The fallow deer was introduced into Britain by the Normans and wild herds have lived for centuries in ancient forests such as the New Forest, Epping Forest & the Forest of Dean. 

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Fallow Deer Habits

Daily Life: Wild fallow deer usually live in small herds. Park herds are often larger, numbering 70 animals or more. Outside the mating season, bucks (males) roam around in their own herds separately from the does (females) and their young. Dawn and dusk are the most likely times to spot deer feeding, although they may feed at any time. They prefer an open clearing with plenty of grass and other ground plants. During the day, the deer usually rest and ruminate (chew the cud) in undergrowth. Fallow deer rarely drink and appear to get all the water they need from dew and moisture in plants. In summer, the deer feed mainly on grasses and herbs, but also browse on the foliage of trees and bushes. The trees in deer parks often have a 'browse line' about 1.5 - 2m above the ground which marks the limit to which the deer can reach. In autumn and winter, the deer may eat nuts, berries, strips of bark, dead leaves, holly and fungi.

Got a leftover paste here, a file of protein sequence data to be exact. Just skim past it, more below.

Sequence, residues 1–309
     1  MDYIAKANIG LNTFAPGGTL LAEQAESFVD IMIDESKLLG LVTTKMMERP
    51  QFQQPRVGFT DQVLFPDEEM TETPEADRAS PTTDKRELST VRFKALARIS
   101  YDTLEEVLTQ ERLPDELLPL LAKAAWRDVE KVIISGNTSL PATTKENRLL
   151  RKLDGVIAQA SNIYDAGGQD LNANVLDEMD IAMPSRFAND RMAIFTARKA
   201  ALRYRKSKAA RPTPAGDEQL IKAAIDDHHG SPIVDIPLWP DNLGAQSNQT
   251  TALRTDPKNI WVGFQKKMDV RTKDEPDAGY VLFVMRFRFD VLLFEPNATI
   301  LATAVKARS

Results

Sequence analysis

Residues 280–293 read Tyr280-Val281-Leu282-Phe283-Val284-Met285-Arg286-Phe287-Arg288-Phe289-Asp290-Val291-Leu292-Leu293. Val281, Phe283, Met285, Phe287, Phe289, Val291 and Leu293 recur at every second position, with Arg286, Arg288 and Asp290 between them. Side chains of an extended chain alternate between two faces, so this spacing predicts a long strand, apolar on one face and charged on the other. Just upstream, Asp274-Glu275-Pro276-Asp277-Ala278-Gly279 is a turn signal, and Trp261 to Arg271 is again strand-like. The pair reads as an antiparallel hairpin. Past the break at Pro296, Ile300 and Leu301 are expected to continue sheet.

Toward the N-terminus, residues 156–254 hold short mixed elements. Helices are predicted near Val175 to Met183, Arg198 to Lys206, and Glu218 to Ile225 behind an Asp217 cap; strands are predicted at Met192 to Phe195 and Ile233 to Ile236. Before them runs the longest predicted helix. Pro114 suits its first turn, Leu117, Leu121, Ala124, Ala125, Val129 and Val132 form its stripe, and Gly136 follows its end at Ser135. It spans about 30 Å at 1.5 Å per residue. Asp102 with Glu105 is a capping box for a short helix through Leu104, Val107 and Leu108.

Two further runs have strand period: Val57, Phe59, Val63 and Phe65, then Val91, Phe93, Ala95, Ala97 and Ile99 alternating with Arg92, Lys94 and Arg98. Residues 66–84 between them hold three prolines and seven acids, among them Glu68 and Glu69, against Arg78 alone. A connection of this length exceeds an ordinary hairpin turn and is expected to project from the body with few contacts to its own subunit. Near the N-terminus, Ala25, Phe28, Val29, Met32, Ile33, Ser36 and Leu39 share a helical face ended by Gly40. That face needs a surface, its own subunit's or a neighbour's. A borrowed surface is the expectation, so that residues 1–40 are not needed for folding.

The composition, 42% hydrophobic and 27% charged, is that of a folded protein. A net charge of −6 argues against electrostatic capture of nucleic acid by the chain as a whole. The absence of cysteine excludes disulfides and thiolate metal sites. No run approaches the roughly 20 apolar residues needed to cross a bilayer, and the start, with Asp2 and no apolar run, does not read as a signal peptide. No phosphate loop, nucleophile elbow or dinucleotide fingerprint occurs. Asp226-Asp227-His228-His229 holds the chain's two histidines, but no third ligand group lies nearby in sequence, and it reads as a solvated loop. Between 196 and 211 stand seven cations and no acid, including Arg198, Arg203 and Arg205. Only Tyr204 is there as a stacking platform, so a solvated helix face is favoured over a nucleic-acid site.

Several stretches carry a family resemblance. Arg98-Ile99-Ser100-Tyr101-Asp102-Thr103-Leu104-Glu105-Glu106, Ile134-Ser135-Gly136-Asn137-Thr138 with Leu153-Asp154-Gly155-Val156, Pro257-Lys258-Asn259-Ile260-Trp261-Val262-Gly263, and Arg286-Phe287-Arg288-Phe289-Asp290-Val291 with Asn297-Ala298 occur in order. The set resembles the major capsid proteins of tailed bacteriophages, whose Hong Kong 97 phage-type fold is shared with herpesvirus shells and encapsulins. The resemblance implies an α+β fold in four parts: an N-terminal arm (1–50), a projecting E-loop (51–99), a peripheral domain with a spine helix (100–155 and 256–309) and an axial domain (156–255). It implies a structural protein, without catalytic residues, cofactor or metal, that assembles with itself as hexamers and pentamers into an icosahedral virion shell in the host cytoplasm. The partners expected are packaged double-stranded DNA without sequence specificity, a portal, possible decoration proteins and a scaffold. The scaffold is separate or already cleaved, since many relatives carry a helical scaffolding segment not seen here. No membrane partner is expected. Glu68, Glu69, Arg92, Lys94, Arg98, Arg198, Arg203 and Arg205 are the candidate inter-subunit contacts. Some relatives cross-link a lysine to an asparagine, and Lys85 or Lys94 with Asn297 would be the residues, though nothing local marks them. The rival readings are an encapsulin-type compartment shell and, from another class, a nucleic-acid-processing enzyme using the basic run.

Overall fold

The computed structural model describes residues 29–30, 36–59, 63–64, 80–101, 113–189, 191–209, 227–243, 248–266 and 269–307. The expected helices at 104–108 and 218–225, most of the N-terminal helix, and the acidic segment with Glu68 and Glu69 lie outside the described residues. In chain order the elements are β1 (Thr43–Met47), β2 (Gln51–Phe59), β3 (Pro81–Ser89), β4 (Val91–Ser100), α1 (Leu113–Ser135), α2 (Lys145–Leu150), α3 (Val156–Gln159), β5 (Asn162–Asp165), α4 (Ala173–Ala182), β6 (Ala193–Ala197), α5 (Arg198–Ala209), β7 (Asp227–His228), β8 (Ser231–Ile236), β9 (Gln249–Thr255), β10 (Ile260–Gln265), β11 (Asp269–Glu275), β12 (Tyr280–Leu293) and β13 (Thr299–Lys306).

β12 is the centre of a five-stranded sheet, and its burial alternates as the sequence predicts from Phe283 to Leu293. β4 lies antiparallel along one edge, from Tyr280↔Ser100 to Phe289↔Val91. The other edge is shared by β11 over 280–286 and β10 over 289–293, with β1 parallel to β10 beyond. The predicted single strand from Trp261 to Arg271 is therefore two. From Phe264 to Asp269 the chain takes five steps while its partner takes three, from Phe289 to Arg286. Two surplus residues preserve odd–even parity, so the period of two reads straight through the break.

Antlers: bucks begin to show the first sign of antler growth after two years and from then on, each year in April, the antlers are shed and regrow a little larger and more elaborate every year. As the bony antlers grow, they are covered by a hairy skin called velvet. Blood vessels in the velvet supply food and oxygen to the growing bone. When the antler is fully grown, by late August, the velvet is shed and rubbed off and the antler dies, although it stays on the deer's head for several months.

Read More: Fallow Deer and Humans

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